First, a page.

Employers last month shrugged off worries about the high-profile budget battle in Washington and continued hiring at a slow, steady pace, government data showed Friday.
“(The job market) has been very resilient to a lot of the uncertainty that people have been talking about,” said Jared Bernstein, a senior fellow at the Center on Budget and Policy Priorities and former economic adviser to Vice President Joseph Biden. “This is an okay job report at a time when you might have expected something worse.”
But the pool of workers looking for a job remains nearly twice as big as it was before the 2007 recession began to take hold.
The Labor Department reported Friday that payrolls, rose by 155,000 in December. That’s just about fast enough to keep pace with the growth of the population, but not enough to make a dent in the unemployment rate, which remained stuck at 7.8 percent last month.
“This has been the story throughout the recovery that began more than three years ago,” said Paul Ashworth, chief U.S. economist at Capitol Economics.
The number of unemployed Americans last month was essentially unchanged, at 12.2 million. That’s down from a peak of 15.4 million in October, 2009, but much higher than the 6.7 million who were out of work in March 2007.
The job gains last month were spread over a broad segment of the economy, from construction to manufacturing to health care.
Economists say the breadth of jobs gains is a good indication that the slow but steady recovery remains on track. But most forecasters expect the lackluster pace of growth – about two percent as measured by the gross domestic product – to continue through 2013.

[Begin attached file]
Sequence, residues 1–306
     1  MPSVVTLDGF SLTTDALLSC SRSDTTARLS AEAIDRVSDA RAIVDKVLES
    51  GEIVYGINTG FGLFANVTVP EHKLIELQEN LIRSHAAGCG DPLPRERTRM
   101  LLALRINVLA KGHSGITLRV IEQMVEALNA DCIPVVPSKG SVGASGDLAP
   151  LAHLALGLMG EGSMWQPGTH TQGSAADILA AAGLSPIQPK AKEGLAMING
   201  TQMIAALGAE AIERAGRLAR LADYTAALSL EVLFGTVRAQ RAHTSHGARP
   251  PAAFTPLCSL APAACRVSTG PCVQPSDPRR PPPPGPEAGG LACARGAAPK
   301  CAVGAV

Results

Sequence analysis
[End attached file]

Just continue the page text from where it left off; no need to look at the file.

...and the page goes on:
Wage growth also remained flat, after adjusting for inflation, as it has since the recovery began. That trend runs counter to past economic rebounds, when wages have traditionally risen as the unemployment rate has fallen, according to Wells Fargo chief economist John Silvia.
“(That) supports the message of weaker consumer spending and GDP growth ahead,” he said
While the political spectacle of a dysfunctional government seems have had little impact on December hiring, the results of the budget battle are expected to have at least some dampening effect on hiring. Government spending, a critical target in the ongoing debate, makes up roughly 20 percent of U.S. economic activity.
Friday’s numbers demonstrated the impact of the ongoing budget squeeze on the job market. In December, government at all levels cut 13,000 jobs. For all of 2012, government payrolls shrank by 68,000.
While the December jobless rate was nearly a percentage point lower than a year ago, it’s still well above the average over the last 60 years of about 6 percent. The drop has also come as millions of workers have given up trying to find work. As a result, the portion of the population officially counted in the labor force is at the lowest level in three decades.
The pool of “long-term” jobless workers – those without a paycheck for 27 weeks or more – remained unchanged in December at 4.8 million, or nearly 40 percent of the unemployed.
That high level of persistent unemployment prompted the Federal Reserve to embark on its latest, open-ended round of bond buying in September to force interest rates lower and help spur hiring. The central bank has kept interest rates near zero since 2008. On Thursday, however, minutes from the Fed's December meeting suggested that some policymakers were growing more concerned about the impact of that policy on the financial markets.
Friday’s lackluster job data will likely help support proponents of the Fed’s continued easy-money policy, said Ashworth.
“If this state of affairs continues throughout most of this year, as we expect, then it is hard to see the Fed dialing back or stopping its (bond) purchases as some officials currently envisage,” he said.
The December report included a number of revisions, in part due to annual tweaks in the adjustments the Labor Department uses to smooth out seasonal swings in hiring. The government raised its estimate for the unemployment rate in November by a tenth of a point to 7.8 percent. The payroll number for November was also raised to 161,000 new jobs, from 146,000.